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What are Xenoestrogens (XEs)?

By September 1, 2016Latest Scientific Research

XEs are a group of highly variable compounds that mimic the effects of estrogen. They do this by taking a similar shape to naturally occurring estrogens (estrone, estradiol, and estriol). XEs bind to estrogen receptors throughout the body and can cause the same effects as estrogen itself.

Exposure to compounds that mimic effects of naturally occurring hormones can result in unnecessary over or under-activation of endocrine system. XEs contribute to estrogen dominance within the body, a term that describes the over activation of estrogenic pathways within the body.

For centuries humans have been exposed to naturally occurring XEs (phytoestrogens and mycoestrogens) that are found in foods like legumes, soy products (isoflavones), nuts and oilseeds. Although over the past 100 years, our exposure to XEs has increased dramatically. This is attributed to an in increase in the amount of industrially made XEs that are used in the manufacturing of a wide variety of consumer products.

The recent attention directed towards XEs results from studies that have shown that exposure to some XEs (DDT, PCBs, Zeranol) could increase the risk of humans developing dangerous health conditions. As a result of this research, regulatory health bodies in most countries have banned the inclusion of particular XEs in commercial products.

Despite this ban, these compounds remain in the environment. However it should be noted that other health studies have shown neutral effects of other XEs on human health.

Do XEs affect our health?

XEs have been related to several other conditions including cardiovascular disease, obesity and infertility in non-human studies. They emit their effect on the body via estrogenic pathways and could enhance effects of estrogen that include:

  • Positive: Prevention of artherosclerosis (cholesterol build up) and heart disease by activating lipoprotein lipase.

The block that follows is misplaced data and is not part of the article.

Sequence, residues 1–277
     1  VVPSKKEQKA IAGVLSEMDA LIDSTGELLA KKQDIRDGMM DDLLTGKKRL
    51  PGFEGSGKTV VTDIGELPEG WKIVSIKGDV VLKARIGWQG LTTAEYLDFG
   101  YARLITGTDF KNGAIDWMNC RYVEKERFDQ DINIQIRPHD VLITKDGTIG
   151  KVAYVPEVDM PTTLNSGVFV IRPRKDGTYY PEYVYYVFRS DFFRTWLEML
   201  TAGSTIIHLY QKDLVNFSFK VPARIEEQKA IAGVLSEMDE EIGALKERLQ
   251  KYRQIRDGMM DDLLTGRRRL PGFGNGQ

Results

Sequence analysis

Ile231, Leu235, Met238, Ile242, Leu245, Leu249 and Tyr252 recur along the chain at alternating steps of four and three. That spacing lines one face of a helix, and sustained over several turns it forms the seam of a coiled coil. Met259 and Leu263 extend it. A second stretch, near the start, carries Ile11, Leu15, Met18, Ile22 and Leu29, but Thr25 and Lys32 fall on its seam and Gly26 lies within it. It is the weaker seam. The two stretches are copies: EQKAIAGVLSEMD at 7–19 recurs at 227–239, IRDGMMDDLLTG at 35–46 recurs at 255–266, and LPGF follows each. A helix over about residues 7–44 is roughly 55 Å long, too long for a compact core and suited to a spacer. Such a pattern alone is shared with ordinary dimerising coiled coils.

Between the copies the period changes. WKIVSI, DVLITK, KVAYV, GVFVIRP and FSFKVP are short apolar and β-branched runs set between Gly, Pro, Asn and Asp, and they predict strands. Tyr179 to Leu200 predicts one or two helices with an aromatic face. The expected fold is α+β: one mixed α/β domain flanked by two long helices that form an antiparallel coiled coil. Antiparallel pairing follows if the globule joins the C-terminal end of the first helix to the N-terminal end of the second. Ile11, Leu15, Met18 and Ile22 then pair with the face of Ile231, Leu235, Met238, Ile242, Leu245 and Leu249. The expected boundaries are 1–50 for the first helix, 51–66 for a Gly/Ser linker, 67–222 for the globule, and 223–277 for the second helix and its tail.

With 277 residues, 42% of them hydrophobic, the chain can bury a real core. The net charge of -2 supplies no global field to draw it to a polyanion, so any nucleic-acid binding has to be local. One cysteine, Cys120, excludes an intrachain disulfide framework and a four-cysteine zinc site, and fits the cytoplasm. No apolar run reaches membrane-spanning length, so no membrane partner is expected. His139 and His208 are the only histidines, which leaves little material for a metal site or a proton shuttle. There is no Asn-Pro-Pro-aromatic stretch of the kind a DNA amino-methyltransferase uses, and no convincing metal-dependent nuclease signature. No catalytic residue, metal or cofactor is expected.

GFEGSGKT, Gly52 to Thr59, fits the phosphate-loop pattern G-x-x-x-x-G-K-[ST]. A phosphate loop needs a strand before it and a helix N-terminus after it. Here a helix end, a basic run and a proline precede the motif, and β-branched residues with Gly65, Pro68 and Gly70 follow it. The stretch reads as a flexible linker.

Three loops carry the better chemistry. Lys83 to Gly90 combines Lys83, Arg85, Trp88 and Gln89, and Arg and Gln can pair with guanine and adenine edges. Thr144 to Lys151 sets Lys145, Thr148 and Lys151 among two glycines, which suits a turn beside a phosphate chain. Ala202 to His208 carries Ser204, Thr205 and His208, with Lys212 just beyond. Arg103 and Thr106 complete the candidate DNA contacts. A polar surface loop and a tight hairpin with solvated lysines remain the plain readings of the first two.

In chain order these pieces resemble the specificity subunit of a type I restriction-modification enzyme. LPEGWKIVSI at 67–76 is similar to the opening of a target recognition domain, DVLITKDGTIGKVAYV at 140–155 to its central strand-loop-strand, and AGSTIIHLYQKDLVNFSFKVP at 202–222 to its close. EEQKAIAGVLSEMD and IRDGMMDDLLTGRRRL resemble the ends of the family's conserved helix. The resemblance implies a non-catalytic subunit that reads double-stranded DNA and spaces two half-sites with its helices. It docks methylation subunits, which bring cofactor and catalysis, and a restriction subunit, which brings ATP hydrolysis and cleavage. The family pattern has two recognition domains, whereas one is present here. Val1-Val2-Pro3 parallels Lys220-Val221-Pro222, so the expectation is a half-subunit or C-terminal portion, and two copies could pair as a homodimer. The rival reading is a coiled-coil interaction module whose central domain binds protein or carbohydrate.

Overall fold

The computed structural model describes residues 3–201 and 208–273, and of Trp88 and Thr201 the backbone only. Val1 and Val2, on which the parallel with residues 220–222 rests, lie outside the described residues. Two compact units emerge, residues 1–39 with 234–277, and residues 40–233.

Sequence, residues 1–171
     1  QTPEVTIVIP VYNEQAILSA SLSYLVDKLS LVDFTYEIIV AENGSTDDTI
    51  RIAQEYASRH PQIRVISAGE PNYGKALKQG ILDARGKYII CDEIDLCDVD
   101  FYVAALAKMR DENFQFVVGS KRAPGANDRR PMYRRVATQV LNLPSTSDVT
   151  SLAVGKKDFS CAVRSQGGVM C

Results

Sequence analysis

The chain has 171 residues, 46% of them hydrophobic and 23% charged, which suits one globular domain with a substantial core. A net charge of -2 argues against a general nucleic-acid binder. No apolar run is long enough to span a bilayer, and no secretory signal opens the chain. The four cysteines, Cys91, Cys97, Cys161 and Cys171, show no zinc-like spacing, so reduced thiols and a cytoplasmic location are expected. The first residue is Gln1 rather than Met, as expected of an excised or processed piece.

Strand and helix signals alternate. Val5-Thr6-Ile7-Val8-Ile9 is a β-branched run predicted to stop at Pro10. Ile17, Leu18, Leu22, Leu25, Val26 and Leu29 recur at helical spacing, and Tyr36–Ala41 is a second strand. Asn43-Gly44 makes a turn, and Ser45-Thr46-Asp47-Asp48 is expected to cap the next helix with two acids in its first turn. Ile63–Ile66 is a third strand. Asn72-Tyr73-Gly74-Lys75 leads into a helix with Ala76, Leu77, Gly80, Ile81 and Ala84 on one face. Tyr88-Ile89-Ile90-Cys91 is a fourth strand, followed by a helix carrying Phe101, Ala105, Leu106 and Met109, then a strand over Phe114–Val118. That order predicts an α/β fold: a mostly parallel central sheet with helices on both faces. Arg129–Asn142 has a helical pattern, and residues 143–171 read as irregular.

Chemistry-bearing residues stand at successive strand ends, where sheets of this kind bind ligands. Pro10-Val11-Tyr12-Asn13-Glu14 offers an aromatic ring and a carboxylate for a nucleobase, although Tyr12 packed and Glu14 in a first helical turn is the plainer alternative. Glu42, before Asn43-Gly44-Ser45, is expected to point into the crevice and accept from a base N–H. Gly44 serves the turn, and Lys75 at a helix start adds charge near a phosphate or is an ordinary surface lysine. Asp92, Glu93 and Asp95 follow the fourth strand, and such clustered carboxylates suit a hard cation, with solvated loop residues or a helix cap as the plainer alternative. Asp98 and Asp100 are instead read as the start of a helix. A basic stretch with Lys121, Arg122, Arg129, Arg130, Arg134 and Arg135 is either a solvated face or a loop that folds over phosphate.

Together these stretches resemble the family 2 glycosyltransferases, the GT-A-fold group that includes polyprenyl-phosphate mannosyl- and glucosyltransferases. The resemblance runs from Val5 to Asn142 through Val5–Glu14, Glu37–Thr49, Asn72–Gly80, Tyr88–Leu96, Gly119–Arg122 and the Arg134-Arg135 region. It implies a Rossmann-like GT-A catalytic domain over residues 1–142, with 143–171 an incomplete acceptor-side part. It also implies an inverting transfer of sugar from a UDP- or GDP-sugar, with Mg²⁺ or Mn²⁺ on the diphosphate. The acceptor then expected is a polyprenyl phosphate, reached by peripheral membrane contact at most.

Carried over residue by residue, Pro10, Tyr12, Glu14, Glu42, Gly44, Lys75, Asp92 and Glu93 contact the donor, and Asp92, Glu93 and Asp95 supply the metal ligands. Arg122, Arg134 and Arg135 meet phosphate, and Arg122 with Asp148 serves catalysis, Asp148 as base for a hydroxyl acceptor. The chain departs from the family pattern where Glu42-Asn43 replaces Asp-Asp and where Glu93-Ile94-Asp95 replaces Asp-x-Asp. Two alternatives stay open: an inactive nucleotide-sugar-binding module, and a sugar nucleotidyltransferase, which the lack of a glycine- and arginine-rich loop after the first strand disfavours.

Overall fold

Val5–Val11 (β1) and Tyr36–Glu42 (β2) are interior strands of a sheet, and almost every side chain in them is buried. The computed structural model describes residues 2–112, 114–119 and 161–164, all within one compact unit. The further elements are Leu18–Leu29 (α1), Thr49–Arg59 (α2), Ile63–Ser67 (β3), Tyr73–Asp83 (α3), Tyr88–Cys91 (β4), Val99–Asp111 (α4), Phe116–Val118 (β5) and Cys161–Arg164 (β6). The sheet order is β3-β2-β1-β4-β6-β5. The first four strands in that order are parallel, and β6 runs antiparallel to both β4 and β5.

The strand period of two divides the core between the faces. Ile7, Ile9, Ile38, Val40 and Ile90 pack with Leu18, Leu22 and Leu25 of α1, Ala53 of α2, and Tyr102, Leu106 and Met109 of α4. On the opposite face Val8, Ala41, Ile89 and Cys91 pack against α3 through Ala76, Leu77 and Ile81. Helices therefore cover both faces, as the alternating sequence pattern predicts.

• Negative: In prolonged doses XEs may over activate pancreatic beta-cells which can lead to insulin resistance and type 2 diabetes.
  • Positive: Estrogen stimulates muscle regeneration after exercise and increase muscular contractile force by activating white blood cells and satellite cells.
  • Negative: Pre-pubescent males could be most at risk because alterations in systemic estrogen levels could disrupt normal sexual development
  • Some research suggests that some estrogen sensitive cancers (e.g. breast, prostate, ovarian) are boosted by XEs, however this research is very controversial because separate studies have found protective effects of some XEs in cancer.
How are we exposed to XEs?

We are mostly exposed to XEs from the food and drink that we ingrest. The gradual accumulation (via pollution, non-organic food consumption, increase in plastic production etc.) of these artificial XEs in our environment is cause of the major health concern surrounding XEs. Some examples of abundant XEs include:

  • Phthalates can be found in plastic food containers, plastic wrap, plastic based coating on some medications, pesticides, nail polish, some moisturizers, perfume and more.